a, Impact of treatment with S63845 at doses that prevent tumour expansion on healthy tissues in mice. Healthy (not tumour-burdened) C57BL/6–Ly5.1+ mice were treated for 5 consecutive days with either vehicle or 25 mg per kg body weight S63845, and analysed 3 days after treatment had finished. Student’s unpaired t-test was carried out to compare the organ weights of spleen, thymus, lymph nodes, liver and kidney between vehicle and drug-treated mice. The organ weights were not significantly altered in response to treatment with S63845 (see source data). b, Representative haematoxylin and eosin-stained sections of the heart, liver, muscle and kidneys taken from vehicle- or S63845-treated mice at day 9 following treatment for 5 days (days 1–5). Scale bars represent 112 μm for the ×20 objective and 57 μm for the ×40 objective. c, Impact of treatment with increasing doses of S63845 on C57BL/6 mice. Kaplan–Meier survival curves are shown for mice treated with vehicle or with 25, 40, 50 or 60 mg per kg body weight S63845 for 5 consecutive days (see source data). There were 3 female and 3 male 7–8-week-old mice in each treatment group (except for the 40 mg per kg group where n = 5 because one mouse from this treatment group had to be killed owing to an injury incurred during drug administration). Using a Mantel–Cox test only the 60 mg per kg body weight dose showed significant changes relative to treatment with vehicle, ***P = 0.0006. d, Blood cell count analysis of the mice described in b (see source data). The mice were analysed as they were killed, or for the mice surviving the entire treatment, 3 days after the 5 day-treatment had been completed. Unpaired two-tailed t-test was performed and compared to vehicle. For PLT counts, compared to vehicle, **P = 0.0027 for the 25 mg kg dose, ***P = 0.0005 for the 40 mg per kg dose and *P = 0.0245 for the 50 mg per kg dose of S63845. For the RBC counts, compared to vehicle, *P = 0.0312 for the 50 mg per kg dose and *P = 0.0242 for the 60 mg per kg dose of S63845.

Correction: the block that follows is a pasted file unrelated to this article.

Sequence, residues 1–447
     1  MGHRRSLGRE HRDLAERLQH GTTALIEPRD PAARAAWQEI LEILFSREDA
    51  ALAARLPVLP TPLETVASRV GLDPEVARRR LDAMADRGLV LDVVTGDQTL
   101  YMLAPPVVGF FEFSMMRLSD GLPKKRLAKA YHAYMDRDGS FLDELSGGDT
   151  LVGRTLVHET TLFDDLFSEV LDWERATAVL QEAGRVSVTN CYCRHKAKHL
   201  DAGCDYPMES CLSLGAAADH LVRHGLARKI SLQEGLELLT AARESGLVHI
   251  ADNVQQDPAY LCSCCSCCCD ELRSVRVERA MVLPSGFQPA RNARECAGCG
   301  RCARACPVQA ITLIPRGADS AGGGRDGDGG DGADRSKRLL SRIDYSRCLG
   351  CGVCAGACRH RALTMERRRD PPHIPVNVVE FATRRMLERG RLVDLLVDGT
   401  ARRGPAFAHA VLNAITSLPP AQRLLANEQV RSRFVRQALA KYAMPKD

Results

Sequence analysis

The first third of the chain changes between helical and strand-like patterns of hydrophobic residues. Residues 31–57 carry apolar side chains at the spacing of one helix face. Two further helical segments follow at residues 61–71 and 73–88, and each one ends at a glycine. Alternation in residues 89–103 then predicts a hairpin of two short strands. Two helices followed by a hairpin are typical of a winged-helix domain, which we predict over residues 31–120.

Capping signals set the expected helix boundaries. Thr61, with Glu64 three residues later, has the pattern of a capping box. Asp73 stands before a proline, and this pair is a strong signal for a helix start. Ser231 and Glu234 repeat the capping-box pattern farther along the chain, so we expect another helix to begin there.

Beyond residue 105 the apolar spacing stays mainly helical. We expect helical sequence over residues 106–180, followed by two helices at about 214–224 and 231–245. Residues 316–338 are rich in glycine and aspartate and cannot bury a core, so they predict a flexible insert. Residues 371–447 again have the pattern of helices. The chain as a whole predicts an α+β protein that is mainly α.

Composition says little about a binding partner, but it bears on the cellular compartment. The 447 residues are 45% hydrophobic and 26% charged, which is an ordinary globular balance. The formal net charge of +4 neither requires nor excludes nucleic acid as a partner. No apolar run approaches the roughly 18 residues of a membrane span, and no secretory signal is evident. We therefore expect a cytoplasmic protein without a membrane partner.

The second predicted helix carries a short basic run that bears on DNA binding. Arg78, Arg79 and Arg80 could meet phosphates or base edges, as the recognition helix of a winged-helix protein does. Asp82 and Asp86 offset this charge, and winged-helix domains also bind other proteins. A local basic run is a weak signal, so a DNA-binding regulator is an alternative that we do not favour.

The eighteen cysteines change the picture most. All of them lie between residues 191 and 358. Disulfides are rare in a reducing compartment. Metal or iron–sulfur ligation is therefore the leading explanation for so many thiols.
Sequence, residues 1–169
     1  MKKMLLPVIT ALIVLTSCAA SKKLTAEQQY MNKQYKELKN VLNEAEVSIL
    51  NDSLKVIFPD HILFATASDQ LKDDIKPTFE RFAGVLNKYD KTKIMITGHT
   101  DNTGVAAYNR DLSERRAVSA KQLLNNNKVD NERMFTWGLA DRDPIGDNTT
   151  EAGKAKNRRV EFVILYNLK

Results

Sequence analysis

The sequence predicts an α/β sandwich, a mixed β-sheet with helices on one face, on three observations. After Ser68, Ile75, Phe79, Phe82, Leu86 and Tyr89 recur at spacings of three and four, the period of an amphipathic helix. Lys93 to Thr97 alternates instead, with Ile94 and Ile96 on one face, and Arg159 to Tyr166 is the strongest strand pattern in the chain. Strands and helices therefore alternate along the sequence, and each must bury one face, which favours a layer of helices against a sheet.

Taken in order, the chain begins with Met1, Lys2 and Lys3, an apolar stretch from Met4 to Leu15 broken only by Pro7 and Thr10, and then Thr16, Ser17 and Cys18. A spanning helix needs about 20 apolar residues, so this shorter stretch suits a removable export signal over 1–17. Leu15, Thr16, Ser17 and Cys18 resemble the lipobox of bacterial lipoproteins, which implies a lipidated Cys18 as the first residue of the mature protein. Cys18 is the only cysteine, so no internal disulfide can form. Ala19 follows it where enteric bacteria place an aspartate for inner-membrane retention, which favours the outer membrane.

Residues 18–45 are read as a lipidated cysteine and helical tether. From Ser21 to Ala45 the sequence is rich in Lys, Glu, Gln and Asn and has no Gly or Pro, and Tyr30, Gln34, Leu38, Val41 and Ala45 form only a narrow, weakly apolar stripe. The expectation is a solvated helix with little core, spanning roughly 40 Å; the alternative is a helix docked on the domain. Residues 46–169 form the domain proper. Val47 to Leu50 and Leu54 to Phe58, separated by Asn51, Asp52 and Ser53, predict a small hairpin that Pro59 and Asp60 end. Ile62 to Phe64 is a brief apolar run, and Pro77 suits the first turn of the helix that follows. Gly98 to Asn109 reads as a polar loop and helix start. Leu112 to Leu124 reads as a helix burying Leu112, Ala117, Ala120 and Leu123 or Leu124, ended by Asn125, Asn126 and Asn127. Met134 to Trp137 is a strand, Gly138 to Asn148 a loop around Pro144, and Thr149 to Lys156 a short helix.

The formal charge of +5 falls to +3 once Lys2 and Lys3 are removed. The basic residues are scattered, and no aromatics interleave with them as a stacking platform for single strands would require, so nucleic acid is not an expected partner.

Tables

  1. Data collection and refinement statistics
    Extended Data Table 1: Data collection and refinement statistics

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Author information

Affiliations

  1. Servier Research Institute of Medicinal Chemistry, Budapest 1031, Hungary

    • András Kotschy,
    • Zoltán Szlavik,
    • Márton Csekei,
    • Attila Paczal,
    • Zoltán B. Szabo,
    • Szabolcs Sipos,
    • Gábor Radics,
    • Agnes Proszenyak,
    • Balázs Balint,
    • Levente Ondi &
    • Gábor Blasko
  2. Vernalis (R&D) Ltd., Cambridge CB21 6GB, UK

    • James Murray,